- Informal Good; nice: a regular guy.
- Botany Having symmetrically arranged parts of similar size and shape: regular flowers.
- Grammar Conforming to the usual pattern of inflection, derivation, or word formation.
- Ecclesiastical Belonging to a religious order and bound by its rules: the regular clergy.
- Mathematics a. Having equal sides and equal angles. Used of polygons.b. Having faces that are congruent regular polygons and congruent polyhedral angles. Used of polyhedrons.
- Belonging to or constituting the permanent army of a nation.
- Ecclesiastical A member of the clergy or of a religious order.
- A soldier belonging to a regular army.
- A dependable loyal person: one of the party regulars.
- A clothing size designed for persons of average height.
- A habitual customer.
Origin of regularMiddle English reguler, living under religious rule, from Old French, from Late Latin r&emacron;gul&amacron;ris, according to rule, from Latin r&emacron;gula, rod, rule; see reg- in Indo-European roots.
(comparative more regular, superlative most regular)
- (Christianity) Bound by religious rule; belonging to a monastic or religious order (often as opposed to secular). [from 14th c.]
- Having a constant pattern; showing evenness of form or appearance. [from 15th c.]
- (geometry, of a polygon) Having all sides of the same length, and all (corresponding) angles of the same size [from 16th c.]
- (geometry, of a polyhedron) Whose faces are all congruent regular polygons, equally inclined to each other.
- Demonstrating a consistent set of rules; showing order, evenness of operation or occurrence. [from 16th c.]
- (now rare) Well-behaved, orderly; restrained (of a lifestyle etc.). [from 16th c.]
- Happening at constant (especially short) intervals. [from 17th c.]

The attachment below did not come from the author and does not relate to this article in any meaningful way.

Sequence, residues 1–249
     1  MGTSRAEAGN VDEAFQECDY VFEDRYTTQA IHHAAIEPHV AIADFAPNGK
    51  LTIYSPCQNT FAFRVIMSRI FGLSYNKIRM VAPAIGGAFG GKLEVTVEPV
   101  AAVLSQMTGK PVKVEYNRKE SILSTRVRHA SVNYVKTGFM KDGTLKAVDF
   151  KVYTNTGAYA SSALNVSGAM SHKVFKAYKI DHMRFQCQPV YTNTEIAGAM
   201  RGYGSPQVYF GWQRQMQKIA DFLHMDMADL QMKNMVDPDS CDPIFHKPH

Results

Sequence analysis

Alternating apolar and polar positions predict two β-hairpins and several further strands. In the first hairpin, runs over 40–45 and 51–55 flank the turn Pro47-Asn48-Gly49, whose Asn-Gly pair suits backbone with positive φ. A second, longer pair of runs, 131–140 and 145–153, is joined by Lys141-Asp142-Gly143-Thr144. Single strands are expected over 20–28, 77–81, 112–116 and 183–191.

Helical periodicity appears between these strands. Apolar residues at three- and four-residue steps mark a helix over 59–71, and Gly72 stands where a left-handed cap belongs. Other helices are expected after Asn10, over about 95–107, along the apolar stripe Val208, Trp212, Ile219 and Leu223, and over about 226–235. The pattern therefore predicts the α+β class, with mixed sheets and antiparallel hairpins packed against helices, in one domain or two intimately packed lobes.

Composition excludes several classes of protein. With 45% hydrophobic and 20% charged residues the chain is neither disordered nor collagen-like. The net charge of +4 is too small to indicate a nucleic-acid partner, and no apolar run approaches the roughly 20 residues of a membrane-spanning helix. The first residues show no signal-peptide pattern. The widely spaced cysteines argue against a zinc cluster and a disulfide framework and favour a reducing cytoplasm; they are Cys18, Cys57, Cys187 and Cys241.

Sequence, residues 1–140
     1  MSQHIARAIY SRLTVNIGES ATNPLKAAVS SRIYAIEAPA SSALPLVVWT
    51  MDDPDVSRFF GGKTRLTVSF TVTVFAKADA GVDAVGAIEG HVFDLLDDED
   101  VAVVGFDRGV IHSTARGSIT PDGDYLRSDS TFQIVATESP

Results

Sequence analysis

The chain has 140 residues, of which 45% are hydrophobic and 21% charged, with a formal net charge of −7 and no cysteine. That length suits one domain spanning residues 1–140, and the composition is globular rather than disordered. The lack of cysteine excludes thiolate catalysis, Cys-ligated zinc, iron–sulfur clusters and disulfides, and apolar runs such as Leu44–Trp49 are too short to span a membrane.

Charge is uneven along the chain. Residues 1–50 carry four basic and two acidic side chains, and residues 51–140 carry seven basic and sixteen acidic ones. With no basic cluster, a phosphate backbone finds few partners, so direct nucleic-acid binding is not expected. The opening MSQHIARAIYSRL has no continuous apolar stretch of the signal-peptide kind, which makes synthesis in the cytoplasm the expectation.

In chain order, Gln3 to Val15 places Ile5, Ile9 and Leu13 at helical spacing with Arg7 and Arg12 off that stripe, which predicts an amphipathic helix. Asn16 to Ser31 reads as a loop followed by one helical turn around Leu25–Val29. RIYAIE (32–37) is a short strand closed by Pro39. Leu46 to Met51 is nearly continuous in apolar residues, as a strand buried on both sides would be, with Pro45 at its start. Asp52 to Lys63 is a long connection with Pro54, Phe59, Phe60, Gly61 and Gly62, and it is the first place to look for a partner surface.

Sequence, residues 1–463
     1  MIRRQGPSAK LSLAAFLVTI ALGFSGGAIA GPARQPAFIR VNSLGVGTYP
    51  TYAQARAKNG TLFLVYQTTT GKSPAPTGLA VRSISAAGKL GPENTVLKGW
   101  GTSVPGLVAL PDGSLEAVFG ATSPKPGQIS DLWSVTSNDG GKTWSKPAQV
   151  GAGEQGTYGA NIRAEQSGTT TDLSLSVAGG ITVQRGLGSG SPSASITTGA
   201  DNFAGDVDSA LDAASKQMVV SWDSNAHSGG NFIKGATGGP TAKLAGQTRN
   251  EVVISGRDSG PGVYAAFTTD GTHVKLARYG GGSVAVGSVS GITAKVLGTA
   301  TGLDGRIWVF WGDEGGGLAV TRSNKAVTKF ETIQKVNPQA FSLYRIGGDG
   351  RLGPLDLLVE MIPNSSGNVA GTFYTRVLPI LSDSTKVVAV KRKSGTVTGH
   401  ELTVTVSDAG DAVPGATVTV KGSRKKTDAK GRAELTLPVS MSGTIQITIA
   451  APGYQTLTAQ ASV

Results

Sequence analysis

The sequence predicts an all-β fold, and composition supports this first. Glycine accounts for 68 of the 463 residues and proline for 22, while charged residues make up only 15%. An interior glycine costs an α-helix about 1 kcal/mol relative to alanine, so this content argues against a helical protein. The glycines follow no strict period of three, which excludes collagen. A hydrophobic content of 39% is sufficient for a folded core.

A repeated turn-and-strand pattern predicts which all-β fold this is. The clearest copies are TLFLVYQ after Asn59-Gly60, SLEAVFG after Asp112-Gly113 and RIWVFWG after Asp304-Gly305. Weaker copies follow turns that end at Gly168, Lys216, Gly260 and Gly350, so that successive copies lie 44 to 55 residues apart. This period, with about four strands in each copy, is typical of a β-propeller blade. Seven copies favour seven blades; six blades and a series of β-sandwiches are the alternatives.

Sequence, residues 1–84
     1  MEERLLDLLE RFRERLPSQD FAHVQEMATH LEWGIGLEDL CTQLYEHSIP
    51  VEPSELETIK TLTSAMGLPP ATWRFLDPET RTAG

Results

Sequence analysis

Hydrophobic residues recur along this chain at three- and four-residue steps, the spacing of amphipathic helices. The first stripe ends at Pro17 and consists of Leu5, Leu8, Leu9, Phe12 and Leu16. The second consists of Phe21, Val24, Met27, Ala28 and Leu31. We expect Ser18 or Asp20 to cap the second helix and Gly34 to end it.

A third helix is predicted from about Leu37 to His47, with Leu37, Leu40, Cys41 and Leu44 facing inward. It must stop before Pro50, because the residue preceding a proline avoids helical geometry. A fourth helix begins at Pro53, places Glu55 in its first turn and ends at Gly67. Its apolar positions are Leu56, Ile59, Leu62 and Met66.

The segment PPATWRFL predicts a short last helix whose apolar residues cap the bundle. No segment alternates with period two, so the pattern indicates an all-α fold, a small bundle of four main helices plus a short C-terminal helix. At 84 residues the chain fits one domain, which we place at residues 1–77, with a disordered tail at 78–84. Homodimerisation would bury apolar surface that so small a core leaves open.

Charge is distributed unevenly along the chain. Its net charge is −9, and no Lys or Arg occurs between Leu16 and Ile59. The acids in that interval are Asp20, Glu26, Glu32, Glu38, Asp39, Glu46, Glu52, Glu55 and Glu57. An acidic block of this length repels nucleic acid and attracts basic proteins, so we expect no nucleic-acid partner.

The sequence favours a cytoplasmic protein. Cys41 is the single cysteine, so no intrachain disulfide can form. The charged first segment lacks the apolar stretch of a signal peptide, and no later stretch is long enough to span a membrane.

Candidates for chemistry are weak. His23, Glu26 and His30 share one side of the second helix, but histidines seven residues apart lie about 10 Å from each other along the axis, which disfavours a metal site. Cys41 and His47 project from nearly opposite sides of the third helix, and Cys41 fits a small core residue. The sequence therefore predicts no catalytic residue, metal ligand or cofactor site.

- He made regular visits to go see his mother.
- (grammar, of a verb, plural, etc) Following a set or common pattern; according to the normal rules of a given language. [from 17th c.]
- The verb "to walk" is regular.
- (chiefly US) Having the expected characteristics or appearances; normal, ordinary, standard. [from 17th c.]
- (chiefly military) Permanently organised; being part of a set professional body of troops. [from 17th c.]
- Having bowel movements or menstrual periods at constant intervals in the expected way. [from 18th c.]
- Maintaining a high-fibre diet keeps you regular.
- (colloquial) Exemplary; excellent example of; utter, downright. [from 18th c.]
- a regular genius; a regular John Bull
- Belonging to a monastic order or community.
- regular clergy, in distinction from the secular clergy
- (botany, zoology) Having all the parts of the same kind alike in size and shape.
- a regular flower; a regular sea urchin
- (crystallography) isometric
- (snowboarding) Riding with the left foot forward.
- (analysis, not comparable, of a Borel measure) Such that every set in its domain is both outer regular and inner regular.
terms which are etymologically related to "regular"
- A member of the British Army (as opposed to a member of the Territorial Army or Reserve).
- A frequent, routine visitor to an establishment.
- Bartenders usually know their regulars by name.
- A frequent customer, client or business partner.
- This gentleman was one of the architect's regulars.
- (Canada) A coffee with one cream and one sugar.